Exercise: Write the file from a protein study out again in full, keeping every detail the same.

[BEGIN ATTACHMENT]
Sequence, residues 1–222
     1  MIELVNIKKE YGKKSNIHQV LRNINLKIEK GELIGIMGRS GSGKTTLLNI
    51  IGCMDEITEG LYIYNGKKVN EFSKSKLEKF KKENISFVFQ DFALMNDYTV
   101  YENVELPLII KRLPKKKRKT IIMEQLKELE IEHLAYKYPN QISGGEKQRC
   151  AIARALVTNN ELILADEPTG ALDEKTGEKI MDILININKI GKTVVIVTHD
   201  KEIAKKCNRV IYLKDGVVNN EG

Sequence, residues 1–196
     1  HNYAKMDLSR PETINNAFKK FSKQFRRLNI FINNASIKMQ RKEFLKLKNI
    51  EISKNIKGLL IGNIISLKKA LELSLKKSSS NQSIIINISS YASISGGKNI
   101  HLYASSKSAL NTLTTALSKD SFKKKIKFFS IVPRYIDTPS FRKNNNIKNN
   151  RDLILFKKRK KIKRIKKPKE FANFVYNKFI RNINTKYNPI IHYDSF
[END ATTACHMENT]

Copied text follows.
Sequence, residues 1–222
     1  MIELVNIKKE YGKKSNIHQV LRNINLKIEK GELIGIMGRS GSGKTTLLNI
    51  IGCMDEITEG LYIYNGKKVN EFSKSKLEKF KKENISFVFQ DFALMNDYTV
   101  YENVELPLII KRLPKKKRKT IIMEQLKELE IEHLAYKYPN QISGGEKQRC
   151  AIARALVTNN ELILADEPTG ALDEKTGEKI MDILININKI GKTVVIVTHD
   201  KEIAKKCNRV IYLKDGVVNN EG

Sequence, residues 1–196
     1  HNYAKMDLSR PETINNAFKK FSKQFRRLNI FINNASIKMQ RKEFLKLKNI
    51  EISKNIKGLL IGNIISLKKA LELSLKKSSS NQSIIINISS YASISGGKNI
   101  HLYASSKSAL NTLTTALSKD SFKKKIKFFS IVPRYIDTPS FRKNNNIKNN
   151  RDLILFKKRK KIKRIKKPKE FANFVYNKFI RNINTKYNPI IHYDSF